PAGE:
4. 4. New Evidence on the Degree of Bias in Betting Exchange Odds
      5. 5. Conclusions
      6. References
  15. Part 7: Soccer
    1. Chapter 20. Soccer Betting in Britain
      1. 1. Introduction
      2. 2. Development of Soccer Betting
      3. 3. Transactions Costs in the Fixed Odds Market
      4. 4. Early Study of Market Efficiency
      5. 5. Tipsters
      6. 6. Fundamental Analysis as an Aid to Soccer Betting
      7. 7. Technical Analysis
      8. 8. Sentiment
      9. 9. The Future of Research on Soccer Betting
      10. References
    2. Chapter 21. Efficiency of Soccer Betting Odds—Evidence from a Pan-European Electronic Market
      1. 1. Introduction
      2. 2. The Soccer Betting Market
      3. 3. Data Description
      4. 4. Efficiency Tests
        1. 4.1. Statistical Tests
        2. 4.2. Economic Tests
      5. 5. Conclusion
      6. References
  16. Part 8: Lotteries
    1. Chapter 22. How to Design a Lottery
      1. 1. Introduction
      2. 2. The Odds of Winning a (Pari-Mutuel) Lottery
      3. 3. The Expected Value Calculation
      4. 4. Higher Moments of the Prize Distribution
      5. 5. Econometric Methodology, Data, and Estimates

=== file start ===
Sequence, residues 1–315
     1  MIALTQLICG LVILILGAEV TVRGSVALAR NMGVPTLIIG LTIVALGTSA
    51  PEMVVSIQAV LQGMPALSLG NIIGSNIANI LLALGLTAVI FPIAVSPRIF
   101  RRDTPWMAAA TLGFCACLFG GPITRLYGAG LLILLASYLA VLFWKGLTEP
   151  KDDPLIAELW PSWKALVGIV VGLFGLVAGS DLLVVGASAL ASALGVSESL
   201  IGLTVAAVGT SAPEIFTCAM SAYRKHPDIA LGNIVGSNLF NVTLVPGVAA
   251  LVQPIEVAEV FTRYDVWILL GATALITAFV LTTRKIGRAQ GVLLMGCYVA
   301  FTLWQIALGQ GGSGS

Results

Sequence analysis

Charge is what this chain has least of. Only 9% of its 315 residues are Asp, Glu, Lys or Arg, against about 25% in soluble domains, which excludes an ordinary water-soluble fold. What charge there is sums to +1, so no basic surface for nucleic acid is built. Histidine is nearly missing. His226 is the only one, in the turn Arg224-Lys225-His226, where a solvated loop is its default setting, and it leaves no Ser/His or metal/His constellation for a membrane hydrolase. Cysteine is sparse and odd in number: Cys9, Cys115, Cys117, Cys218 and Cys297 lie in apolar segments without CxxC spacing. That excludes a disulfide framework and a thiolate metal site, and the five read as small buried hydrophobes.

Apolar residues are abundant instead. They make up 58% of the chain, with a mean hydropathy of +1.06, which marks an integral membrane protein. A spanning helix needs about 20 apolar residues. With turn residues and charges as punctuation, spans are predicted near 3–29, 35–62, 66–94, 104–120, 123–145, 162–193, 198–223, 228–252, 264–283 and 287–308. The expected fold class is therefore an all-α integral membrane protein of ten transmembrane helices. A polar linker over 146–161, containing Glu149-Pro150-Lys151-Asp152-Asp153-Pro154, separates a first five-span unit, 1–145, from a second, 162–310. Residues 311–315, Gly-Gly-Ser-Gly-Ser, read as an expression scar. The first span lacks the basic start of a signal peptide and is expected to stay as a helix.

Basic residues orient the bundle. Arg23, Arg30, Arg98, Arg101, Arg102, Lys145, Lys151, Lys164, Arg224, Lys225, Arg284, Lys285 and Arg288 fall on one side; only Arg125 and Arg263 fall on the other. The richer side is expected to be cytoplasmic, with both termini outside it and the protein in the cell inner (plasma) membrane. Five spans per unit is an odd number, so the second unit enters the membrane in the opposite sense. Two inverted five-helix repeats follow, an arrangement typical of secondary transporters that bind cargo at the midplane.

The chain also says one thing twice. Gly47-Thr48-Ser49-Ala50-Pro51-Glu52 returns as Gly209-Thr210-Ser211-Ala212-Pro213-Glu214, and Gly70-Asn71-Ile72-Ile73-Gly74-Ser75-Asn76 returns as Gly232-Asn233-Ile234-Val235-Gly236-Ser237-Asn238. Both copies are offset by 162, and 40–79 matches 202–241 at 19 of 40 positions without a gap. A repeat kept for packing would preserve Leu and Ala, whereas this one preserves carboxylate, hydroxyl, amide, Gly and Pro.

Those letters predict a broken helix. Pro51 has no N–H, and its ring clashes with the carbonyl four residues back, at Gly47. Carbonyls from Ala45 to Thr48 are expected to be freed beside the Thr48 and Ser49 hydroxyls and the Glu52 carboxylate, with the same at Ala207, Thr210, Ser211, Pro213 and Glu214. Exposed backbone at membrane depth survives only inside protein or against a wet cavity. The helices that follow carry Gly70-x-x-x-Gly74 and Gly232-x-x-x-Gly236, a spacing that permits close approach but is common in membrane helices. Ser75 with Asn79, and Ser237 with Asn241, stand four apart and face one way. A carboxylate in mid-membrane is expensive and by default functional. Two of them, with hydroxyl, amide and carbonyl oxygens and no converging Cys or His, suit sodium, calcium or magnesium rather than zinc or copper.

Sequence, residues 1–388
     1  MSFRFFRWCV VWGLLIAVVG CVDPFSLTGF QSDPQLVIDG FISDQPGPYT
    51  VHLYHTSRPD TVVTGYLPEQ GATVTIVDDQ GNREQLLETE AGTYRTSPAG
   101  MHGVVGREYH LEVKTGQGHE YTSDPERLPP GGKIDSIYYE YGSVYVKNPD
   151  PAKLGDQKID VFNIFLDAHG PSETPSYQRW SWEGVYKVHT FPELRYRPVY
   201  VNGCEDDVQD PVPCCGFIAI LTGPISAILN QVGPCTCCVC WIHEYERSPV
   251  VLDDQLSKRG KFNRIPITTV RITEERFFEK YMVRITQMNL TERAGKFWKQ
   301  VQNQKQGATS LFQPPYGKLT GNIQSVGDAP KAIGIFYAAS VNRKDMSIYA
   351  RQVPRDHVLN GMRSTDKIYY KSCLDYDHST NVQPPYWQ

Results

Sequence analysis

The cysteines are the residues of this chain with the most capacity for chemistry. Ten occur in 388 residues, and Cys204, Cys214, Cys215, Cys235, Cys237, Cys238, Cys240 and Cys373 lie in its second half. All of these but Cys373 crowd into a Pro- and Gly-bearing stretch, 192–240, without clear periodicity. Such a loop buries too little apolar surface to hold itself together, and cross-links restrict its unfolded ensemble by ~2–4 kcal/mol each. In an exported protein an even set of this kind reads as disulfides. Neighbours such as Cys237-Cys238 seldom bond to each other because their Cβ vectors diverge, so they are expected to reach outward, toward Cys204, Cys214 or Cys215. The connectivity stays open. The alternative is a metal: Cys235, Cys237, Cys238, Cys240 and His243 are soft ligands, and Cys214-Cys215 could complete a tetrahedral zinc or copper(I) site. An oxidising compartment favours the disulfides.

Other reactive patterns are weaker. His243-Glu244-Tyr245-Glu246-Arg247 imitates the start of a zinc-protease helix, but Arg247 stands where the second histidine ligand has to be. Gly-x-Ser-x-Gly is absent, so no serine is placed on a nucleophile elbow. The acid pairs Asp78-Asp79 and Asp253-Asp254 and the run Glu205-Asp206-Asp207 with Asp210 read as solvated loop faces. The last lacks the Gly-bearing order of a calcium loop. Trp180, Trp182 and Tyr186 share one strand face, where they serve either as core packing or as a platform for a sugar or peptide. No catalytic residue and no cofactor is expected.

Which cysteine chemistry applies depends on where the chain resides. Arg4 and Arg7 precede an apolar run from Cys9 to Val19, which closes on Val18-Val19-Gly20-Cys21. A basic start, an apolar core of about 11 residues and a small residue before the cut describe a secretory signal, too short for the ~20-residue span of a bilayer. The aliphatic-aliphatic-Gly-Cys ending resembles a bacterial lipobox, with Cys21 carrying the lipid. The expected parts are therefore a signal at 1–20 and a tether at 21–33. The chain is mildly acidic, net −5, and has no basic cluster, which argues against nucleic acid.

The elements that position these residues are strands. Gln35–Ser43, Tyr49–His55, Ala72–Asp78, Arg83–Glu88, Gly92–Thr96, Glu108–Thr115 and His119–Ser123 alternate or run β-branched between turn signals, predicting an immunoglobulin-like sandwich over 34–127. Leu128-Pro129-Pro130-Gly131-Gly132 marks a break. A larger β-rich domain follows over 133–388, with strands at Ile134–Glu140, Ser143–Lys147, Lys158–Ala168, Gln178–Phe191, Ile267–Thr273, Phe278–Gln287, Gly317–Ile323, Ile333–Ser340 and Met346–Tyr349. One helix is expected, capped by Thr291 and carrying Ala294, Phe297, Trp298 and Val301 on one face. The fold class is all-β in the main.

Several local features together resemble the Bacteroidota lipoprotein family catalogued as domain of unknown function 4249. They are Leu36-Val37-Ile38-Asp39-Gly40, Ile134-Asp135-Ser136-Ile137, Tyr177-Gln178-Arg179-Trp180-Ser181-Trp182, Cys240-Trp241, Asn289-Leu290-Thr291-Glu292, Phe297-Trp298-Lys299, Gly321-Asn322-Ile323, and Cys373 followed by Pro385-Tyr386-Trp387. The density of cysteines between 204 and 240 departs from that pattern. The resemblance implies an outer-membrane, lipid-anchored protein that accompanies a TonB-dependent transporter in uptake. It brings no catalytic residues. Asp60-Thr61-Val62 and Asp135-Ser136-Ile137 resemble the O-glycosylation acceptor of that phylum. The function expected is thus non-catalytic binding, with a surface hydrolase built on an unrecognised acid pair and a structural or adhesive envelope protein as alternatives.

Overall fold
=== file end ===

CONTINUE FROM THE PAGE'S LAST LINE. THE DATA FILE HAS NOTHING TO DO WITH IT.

6. 6. Game Design Simulations
      7. 7. Conclusion
      8. References
      9. Appendix: The Expected Value Formula
    2. Chapter 23. The Statistics of Lotteries
      1. 1. Introduction
      2. 2. Prize Structure and Winning Chances (1/2)
      3. 2. Prize Structure and Winning Chances (2/2)
      4. 3. Tests of Randomness
      5. 4. Gambler Choices (1/2)
      6. 4. Gambler Choices (2/2)
      7. References
    3. Chapter 24. U.S. Lotto Markets
      1. 1. Introduction
      2. 2. Differences Between American and European Lotteries
      3. 3. Fungibility of Lottery Revenues
      4. 4. Efficiency of Lottery Markets—Part 1
      5. 5. Efficiency of Lottery Markets—Part 2
      6. 6. Efficiency of Lottery Markets—Part 3
      7. 7. Conclusions
      8. References
    4. Subject Index (1/2)
    5. Subject Index (2/2)
    6. Author Index

Product Information

  • Title: Handbook of Sports and Lottery Markets
  • Author(s): Donald B. Hausch, W.T. Ziemba, G. Constantinides, H.M Markowitz, R.C. Merton, S.C. Myers, P.A. Samuelson, W.F. Sharpe, Kenneth J. Arrow
  • Release date: August 2011
  • Publisher(s): North Holland
  • ISBN: 9780080559957